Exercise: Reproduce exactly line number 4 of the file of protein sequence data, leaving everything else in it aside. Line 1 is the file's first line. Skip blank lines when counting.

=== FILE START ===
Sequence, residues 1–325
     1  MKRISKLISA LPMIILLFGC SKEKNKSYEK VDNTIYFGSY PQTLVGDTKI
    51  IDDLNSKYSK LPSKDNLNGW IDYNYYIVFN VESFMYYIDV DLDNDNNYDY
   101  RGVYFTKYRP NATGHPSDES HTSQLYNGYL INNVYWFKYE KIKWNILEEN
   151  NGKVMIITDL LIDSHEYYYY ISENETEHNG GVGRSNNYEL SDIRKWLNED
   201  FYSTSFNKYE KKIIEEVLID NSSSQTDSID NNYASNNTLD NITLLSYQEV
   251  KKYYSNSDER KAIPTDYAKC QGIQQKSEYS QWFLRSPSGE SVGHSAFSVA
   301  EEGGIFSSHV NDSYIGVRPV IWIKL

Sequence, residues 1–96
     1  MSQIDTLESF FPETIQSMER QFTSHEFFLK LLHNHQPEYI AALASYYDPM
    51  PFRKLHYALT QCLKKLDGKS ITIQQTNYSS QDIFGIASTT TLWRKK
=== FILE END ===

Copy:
   101  RGVYFTKYRP NATGHPSDES HTSQLYNGYL INNVYWFKYE KIKWNILEEN